Lamentations: First Kinah – Line 13
“Our fathers have sinned and are no more…but we bear their iniquities.” Rambam : “There are days on which all Jews fast because of all the troubles that occurred on those days. This is to stir their hearts to open
to the paths of Teshuva and to remember our evil actions and those of our fathers’ whose ways were similar to ours now. These sins caused these troubles for them and for us.” The purpose of fasting is to remember our sins and to repent. One of the keys is to realize how each suffering was a direct response to a sin. This Kinah lists terrible things that happened to us and to which sin they were a response.
Yechezkail : “The person who sins, he alone shall die. A child shall not share the burden of a parent’s guilt, nor shall a parent share the burden of a child’s guilt; the righteousness of the righteous shall be accounted to him alone, and the wickedness of the wicked shall be accounted to him alone.”
Eicha Rabba : The Midrash reads the first half of this stanza as a conversation: “Our fathers sinned!” They meant that the sins were their fathers’ and not theirs. To which God answers, “They are no more!” They are not alive; you are the ones sinning now. The Midrash then offers an alternative conversation combining both halves of the stanza, “The fathers said to the children, “You exist in our merit and now you want us to bear the burden of your sins!”
This stanza raises the issue of the responsibility that children carry for their fathers’ sins. The general approach is that children bear such responsibility only when they follow in the ways of their fathers’ . When children continue their fathers’ ways they are giving more reality to those actions. They are allowing those actions to live on. This is true for both good and evil. Fathers can achieve merit through their children’s’ actions. They are also responsible if their children continue in evil ways.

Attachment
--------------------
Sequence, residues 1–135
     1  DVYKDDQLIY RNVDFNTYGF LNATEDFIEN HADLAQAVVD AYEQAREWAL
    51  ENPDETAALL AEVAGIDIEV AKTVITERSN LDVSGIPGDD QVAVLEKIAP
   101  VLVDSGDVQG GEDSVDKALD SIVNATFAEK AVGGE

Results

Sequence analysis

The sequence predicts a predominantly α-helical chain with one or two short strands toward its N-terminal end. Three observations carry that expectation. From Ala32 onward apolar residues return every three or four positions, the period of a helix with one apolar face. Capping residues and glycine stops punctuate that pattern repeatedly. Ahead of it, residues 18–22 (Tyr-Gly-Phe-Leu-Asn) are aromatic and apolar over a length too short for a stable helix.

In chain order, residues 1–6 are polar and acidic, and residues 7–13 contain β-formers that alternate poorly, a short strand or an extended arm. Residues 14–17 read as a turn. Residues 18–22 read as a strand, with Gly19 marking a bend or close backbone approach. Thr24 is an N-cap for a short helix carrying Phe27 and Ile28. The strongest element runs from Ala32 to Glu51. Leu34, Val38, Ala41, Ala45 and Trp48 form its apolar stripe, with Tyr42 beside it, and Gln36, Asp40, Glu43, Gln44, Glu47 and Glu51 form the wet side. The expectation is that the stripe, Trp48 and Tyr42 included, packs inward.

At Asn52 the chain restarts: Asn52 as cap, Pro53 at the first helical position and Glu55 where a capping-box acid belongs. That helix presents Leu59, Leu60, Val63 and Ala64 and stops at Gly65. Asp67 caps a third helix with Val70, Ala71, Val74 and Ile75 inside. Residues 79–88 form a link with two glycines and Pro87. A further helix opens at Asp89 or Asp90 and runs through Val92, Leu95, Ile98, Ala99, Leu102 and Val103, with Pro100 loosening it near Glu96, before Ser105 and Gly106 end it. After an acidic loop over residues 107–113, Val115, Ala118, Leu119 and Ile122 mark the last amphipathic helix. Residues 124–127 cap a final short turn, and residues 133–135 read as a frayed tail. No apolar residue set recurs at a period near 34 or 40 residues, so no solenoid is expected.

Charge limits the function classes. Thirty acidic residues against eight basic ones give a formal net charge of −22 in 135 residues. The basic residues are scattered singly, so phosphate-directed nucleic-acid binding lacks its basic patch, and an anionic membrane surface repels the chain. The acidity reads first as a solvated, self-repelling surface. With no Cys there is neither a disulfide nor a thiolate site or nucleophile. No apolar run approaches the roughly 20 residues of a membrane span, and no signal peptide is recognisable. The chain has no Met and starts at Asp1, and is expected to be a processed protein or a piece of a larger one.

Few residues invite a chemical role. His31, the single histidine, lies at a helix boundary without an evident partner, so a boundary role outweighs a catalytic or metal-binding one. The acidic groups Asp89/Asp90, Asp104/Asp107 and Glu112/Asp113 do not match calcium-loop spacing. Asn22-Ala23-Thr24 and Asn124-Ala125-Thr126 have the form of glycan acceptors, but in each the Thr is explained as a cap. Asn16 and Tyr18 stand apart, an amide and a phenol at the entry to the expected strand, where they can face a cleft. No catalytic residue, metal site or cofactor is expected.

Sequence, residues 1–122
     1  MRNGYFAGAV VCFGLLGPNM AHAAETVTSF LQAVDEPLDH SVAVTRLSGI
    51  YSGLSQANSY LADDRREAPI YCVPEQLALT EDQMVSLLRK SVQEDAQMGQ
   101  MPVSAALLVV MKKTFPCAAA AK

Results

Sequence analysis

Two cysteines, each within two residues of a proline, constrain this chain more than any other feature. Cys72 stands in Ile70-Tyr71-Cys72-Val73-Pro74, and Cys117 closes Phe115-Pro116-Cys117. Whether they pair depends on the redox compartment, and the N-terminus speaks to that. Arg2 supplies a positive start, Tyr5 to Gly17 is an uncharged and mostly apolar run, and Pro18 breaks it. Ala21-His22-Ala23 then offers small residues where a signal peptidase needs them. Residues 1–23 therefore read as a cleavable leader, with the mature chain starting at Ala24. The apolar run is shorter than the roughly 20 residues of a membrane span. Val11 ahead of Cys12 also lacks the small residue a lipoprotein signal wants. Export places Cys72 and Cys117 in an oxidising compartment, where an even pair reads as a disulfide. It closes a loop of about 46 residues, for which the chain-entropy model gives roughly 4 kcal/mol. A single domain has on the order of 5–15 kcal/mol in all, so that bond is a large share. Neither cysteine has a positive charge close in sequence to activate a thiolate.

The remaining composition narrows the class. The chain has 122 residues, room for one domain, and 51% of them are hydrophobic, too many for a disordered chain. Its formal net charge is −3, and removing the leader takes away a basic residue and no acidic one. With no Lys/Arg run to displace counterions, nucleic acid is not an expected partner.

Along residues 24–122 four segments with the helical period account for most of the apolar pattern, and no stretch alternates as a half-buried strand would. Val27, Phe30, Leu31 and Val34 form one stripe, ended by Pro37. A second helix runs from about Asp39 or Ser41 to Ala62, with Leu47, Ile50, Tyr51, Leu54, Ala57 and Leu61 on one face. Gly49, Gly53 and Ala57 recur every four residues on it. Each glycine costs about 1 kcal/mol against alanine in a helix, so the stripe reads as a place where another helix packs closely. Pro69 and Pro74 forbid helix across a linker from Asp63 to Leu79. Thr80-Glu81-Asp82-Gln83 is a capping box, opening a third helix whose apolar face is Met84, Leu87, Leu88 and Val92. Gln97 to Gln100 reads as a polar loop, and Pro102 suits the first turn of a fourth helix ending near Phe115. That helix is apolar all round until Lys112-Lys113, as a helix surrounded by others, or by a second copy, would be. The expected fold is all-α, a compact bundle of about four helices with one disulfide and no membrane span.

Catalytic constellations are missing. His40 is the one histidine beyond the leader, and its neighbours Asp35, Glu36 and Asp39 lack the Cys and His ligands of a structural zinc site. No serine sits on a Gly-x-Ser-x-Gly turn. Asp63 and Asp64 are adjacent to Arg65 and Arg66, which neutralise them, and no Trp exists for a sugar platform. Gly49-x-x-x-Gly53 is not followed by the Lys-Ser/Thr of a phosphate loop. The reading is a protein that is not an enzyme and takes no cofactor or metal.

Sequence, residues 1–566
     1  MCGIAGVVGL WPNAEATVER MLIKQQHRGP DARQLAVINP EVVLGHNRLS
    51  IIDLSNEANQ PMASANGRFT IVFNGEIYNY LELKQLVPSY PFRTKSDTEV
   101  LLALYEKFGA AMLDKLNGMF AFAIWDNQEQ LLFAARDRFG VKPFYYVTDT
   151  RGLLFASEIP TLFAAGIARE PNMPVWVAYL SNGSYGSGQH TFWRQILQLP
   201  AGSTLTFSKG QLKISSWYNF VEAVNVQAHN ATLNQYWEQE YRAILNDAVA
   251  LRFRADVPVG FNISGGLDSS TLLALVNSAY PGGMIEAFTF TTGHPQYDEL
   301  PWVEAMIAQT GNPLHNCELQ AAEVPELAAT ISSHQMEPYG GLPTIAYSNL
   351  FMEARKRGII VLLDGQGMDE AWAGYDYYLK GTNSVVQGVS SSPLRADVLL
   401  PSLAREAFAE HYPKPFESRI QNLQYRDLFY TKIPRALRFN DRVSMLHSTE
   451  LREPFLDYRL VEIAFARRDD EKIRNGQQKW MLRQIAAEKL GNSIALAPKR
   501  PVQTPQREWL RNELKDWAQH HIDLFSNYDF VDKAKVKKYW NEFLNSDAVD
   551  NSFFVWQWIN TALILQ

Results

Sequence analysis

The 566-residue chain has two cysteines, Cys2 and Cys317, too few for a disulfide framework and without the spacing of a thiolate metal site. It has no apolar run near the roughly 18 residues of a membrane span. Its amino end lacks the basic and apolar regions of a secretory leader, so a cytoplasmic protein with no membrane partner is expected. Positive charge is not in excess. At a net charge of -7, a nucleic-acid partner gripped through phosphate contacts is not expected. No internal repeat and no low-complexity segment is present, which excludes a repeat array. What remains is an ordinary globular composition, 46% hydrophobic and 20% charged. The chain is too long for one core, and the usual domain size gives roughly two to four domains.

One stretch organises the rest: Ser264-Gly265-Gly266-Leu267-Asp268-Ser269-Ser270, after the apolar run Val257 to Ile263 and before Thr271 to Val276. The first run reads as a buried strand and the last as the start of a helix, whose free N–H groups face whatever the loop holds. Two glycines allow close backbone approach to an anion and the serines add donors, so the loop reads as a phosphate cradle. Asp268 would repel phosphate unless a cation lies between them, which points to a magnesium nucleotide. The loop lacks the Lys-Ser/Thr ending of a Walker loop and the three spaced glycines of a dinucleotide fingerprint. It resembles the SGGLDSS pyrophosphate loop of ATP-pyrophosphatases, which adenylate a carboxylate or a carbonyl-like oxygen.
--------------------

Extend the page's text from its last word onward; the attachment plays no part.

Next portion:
What are supposed to think after times of destruction? Are we obligated to look at the ways of the generation that suffered and try to understand why they suffered? This is extremely difficult when we see our ancestors as holy people who were much greater than we can ever aspire to be. How can we look at the generations of holy people who suffered the Crusades and determine what they were doing wrong so that we can change? How can we even claim that they suffered because of their sins? This becomes even more difficult when we examine more recent events in history, events that boggle the imagination. Events such as the Holocaust. Who would dare say that they suffered because of their sins? Who would dare say that we know what they did wrong and that we can be better?
Yet, we are told to take this exact approach when trying to understand the destruction of the Temples in Jerusalem, destructions that were even more devastating than the Holocaust in terms of their impact on the Jewish People for generations. The descriptions of the suffering during the sieges of Jerusalem and the ensuing exile and literal sale into servitude for generations equal the destruction of the Holocaust in everything except the modern technology of the Nazis. The slaughter was the same. The torture and humiliation was no different. If we can look at the reasons for the destruction of Jerusalem, examine the ways of those holy generations, than surely we can look at the generation of the Holocaust as well. This in and of itself is an important lesson of this verse in Eicha.
There are those who say that the destruction was a punishment for Reform Judaism and Zionism. Yet, the majority of those who died were observant Jews. If we are to take the approach of this verse and of the numerous times that the Talmud asks the reason for the destruction and exile we must ask what was wrong with even the holiest of Jews who suffered such terrible devastation. If we take such an approach we are automatically being critical of those who say that our approach must be to rebuild what European Jewry in greater numbers.
This approach says that there was something missing in the Service of God of even that holy and honored generation. Rebuilding what was without asking what was missing is to ignore the fact that destruction took place.
When we determine what was wrong with that generation we will gain insight into what is missing in our generation as well.